Course Catalog

The Simmons Education in Context: The Essential Capabilities

Simmons prides itself on outstanding undergraduate programs taught by high-quality faculty. Our commitment to excellence in teaching, small class size, and innovative programs build on founder John Simmons’s original mission to offer an education that would enable women to earn an independent livelihood.

Based on national surveys of employers and graduate schools, the faculty determined a set of critical skills for undergraduate students to achieve upon completion of their Simmons University degree. The skills include: communications, critical thinking and creative problem solving, data analysis and interpretation, ethical leadership, integrative learning, and the navigation of cultural differences. Each required PLAN course develops one or more of these essential capabilities; they are critical to achieving successful employment and post-graduate education in any major or field of study.

Communication – Effective communication develops through iterative experiences across the curriculum. Students should be able to execute the most challenging communication tasks required by a major, manifesting the knowledge, skills, and attitudes characteristic of the chosen discipline. All communication consists of developing and expressing ideas, as well as understanding and applying meaning-making practices in cultural, historical, and institutional contexts. Written, visual, oral, and sonic forms of communication can be synthesized into an integrated work and accessed by reading, listening and viewing.

Critical Thinking and Creative Problem-Solving – Critical thinking and creative problem-solving skills help students succeed in their chosen fields and as citizens and community members. These intellectual abilities are developed through learning experiences in the classroom and laboratory and during internships and educational opportunities outside of the classroom. Creative problem-solving applies critical thinking to answer questions or achieve goals in innovative ways.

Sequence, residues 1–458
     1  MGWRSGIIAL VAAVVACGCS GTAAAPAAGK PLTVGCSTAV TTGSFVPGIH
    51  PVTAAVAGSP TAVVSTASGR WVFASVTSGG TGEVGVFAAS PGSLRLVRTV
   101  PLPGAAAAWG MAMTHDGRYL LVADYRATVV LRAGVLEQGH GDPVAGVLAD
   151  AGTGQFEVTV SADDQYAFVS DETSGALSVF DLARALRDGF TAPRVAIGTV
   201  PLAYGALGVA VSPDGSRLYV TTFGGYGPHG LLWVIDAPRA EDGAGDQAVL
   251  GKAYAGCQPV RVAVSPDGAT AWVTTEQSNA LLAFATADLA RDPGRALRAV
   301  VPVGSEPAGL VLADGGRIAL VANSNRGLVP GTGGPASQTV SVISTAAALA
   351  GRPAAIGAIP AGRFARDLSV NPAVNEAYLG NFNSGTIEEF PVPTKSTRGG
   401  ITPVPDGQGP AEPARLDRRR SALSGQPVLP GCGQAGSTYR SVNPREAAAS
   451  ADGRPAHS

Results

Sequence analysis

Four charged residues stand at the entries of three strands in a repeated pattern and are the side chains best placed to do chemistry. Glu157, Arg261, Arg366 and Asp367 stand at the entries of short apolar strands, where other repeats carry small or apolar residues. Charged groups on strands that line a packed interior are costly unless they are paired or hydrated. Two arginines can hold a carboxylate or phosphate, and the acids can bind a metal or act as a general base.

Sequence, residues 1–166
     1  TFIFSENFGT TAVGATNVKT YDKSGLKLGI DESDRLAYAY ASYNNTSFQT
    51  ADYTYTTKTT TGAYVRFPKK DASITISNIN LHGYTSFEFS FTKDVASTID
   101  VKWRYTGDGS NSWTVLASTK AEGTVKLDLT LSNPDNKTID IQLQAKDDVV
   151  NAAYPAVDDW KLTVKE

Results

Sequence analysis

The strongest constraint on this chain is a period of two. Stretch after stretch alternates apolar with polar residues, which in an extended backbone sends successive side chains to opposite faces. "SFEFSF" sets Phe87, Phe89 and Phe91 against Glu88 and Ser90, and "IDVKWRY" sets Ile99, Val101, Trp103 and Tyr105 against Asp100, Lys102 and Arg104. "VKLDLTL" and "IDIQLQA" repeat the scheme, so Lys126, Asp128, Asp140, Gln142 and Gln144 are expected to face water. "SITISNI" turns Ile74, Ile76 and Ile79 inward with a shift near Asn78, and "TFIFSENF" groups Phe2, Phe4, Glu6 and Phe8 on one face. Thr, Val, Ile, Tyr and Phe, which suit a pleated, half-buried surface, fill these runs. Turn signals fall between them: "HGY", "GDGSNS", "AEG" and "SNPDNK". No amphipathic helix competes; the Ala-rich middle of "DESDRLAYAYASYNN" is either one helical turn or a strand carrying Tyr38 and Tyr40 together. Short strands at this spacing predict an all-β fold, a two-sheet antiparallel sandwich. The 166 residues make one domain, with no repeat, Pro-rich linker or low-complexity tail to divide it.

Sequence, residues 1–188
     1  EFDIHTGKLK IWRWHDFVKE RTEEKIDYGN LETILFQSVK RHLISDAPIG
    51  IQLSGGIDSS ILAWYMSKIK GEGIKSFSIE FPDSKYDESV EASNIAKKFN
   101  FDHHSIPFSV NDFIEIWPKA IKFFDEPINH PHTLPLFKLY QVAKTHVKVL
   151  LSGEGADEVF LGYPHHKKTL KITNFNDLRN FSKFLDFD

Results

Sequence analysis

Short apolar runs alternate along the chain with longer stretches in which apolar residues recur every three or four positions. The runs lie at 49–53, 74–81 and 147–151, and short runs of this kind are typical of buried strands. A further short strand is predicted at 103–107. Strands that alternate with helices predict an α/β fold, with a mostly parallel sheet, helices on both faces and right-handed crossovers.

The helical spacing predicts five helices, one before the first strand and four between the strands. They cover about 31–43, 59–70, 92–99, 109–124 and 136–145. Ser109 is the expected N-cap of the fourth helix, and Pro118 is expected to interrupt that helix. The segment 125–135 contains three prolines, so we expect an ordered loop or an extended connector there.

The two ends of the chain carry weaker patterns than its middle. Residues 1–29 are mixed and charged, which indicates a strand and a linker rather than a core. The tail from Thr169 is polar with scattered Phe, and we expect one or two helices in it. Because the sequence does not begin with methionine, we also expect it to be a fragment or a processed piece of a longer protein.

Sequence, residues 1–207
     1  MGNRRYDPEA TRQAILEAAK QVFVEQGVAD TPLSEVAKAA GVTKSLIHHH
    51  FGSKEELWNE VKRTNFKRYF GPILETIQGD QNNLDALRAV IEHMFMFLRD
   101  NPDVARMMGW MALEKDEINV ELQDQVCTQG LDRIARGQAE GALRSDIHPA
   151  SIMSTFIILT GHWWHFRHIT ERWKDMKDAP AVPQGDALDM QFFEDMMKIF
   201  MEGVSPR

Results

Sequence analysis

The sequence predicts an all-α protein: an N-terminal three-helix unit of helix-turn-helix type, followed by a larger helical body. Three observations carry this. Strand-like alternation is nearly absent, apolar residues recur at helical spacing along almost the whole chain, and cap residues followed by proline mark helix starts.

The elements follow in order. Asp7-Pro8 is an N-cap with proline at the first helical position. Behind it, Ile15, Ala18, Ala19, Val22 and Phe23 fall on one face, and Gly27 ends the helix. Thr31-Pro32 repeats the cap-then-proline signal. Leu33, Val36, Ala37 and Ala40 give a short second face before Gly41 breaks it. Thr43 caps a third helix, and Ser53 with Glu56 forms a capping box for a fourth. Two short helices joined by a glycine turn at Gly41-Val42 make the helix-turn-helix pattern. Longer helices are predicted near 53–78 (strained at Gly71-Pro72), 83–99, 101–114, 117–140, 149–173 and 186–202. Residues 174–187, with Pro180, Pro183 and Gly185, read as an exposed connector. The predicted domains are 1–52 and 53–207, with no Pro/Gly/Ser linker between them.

Data Analysis and Interpretation – Students apply data analysis and interpretation skills to locate and use quantitative and qualitative data both as citizens and in their major discipline. Data analysis encompasses distinct ways of thinking and quantitative and qualitative research methodologies and techniques, developed through experiences inside and outside the classroom.

Ethical Leadership – Leadership is situational, relational, and behavioral. Any individual, regardless of title or position, may choose to lead when moved by a sense of purpose to foster positive change. Success is largely dependent upon building relationships across diverse people, grounded in self-knowledge (values, ethics, social identity, and life experiences) and context. Leadership development entails identifying that sense of purpose and fostering collaborative relationships, building commitment to common goals, and cultivating people’s ability to contribute.

Integrative Learning – Students’ capacity for integrative learning is central to personal success, social responsibility, and civic engagement. Students face a rapidly changing and increasingly connected world where integrative learning has become a necessity. The ability to make connections across courses and disciplines, over time, between campus and community life, and among multiple perspectives enables students to apply their learning across academic, professional, personal, and social boundaries.

Navigation of Cultural Differences – Navigating cultural differences, both domestically and internationally, relies on understanding the implications of historical and contemporary power structures—social, economic, and political—on diversity, inclusion, and inequality. Students will develop the cognitive, affective, and behavioral skills that support appropriate and effective interaction in a variety of cultural contexts.